Anson Wainwright

The Dragon still wants to fight, a Q&A with Chris John

Chris John (right) lands a right hand to Shoji Kimura en route to defending his WBA featherwieght title for the 15th time. The Indonesian icon, who will make the 18th defense of his title in Jakarta on April 14, is three defenses away from breaking the division record.

 

It had been reported in various media outlets last year that long time WBA featherweight titleholder Chris John was winding down his career, but reports of his imminent exist appear greatly exaggerated.

The Indonesian icon was quick to dispel that rumour when he spoke to RingTV.com recently

“I will fight for as long as I have the fire to fight, and my fire burns brighter than ever,” John told RingTV.com.

People have long wondered why John hasn’t been back to America after a brief sojourn a few years back. The reason seems to be money. When he fought in America he made less than $100,000, which is a fraction of what he makes when appearing in Asia where he is hugely popular and regularly appears in commercials while also taking part in many TV shows.

John’s most recent fight was shown live in several countries, spanning as many as 500 million homes. To his credit he remains hugely disciplined. Tony Tolj, the COO of John’s promotional entity, Dragon Fire Promotions, simply says “He is the most humble person I know.”

John is in his 15th year as a pro. The last 10 are part of an impressive 126-pound title reign that has seen him best Derrick Gainer, Rocky Juarez as well as his signature win in 2006 when he out-pointed future hall of famer Juan Manuel Marquez.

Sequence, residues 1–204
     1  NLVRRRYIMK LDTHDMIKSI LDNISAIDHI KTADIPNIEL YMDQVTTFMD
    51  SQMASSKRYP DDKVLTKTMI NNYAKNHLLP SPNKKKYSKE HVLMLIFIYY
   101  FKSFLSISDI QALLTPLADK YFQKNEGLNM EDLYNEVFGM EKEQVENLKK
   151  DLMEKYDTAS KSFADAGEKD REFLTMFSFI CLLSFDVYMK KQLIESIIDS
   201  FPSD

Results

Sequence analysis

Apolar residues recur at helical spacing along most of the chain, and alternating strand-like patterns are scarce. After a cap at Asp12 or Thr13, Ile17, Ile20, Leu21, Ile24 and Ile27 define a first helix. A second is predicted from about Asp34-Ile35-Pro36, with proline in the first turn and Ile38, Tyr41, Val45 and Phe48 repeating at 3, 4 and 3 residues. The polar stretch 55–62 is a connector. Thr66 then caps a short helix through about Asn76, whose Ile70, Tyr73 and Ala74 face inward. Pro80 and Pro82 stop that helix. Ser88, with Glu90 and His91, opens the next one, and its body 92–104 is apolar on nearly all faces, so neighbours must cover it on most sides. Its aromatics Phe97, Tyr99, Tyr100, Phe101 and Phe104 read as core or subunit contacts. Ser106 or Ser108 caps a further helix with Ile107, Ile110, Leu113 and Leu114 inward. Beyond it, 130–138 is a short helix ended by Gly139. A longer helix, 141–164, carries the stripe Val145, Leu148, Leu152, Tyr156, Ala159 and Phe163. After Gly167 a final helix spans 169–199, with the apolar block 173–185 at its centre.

This weekend “the Dragon,” who is unbeaten in 50 bouts (48-0-2, 22 knockouts), makes the 18th defense of his crown against hard charging Satoshi Hosono. If John is able to turn back the Japanese contender he’ll be one defense away from equalling Eusebio Pedroza’s division record set almost 30 years ago.

RingTV.com: On the April 14 you take on Satoshi Hosono. What are your thoughts on him as fighter?

Chris John : He is a tough fighter, he never stops attacking and he’s big puncher. “Bazooka” Hosono is very dangerous. I have fought many Japanese boxers and I have great respect for them all. They are all warriors.

RTV: The fight takes place in Jakarta. It’s the first time in two years you’ll have fought in Indonesia. Can you tell us about what it means to be fighting at home again?

CJ: I love fighting in front of my people. I miss fighting at home. I can’t wait.

RTV: In your last fight, you out pointed previously unbeaten Chonlatarn Piriyapinyo. Could you tell us about that fight?

CJ: That fight was a war. I knew he would be a very tough opponent. My trainer Craig Christian pushed me very hard for that fight. We are a great team.

RTV: You’re last two fights have taken place in Singapore, at the Marina Bay Sands Hotel. Could you tell us about that deal?

CJ: My promoter Dragon Fire got an offer to fight at Marina Bay Sands in Singapore and we accepted. Singapore is a great place. I would like to fight there again in the future.

RTV: You turn 34 this September. What are you plans for this year? You have mentioned you won’t fight too much longer. Can you tell us how much longer you feel you’ll fight?

CJ: I will fight for as long as I have the fire to fight, and my fire burns brighter than ever.

RTV: When you’re in Indonesia you’re very popular. Could you give our reader’s an idea of how popular you are?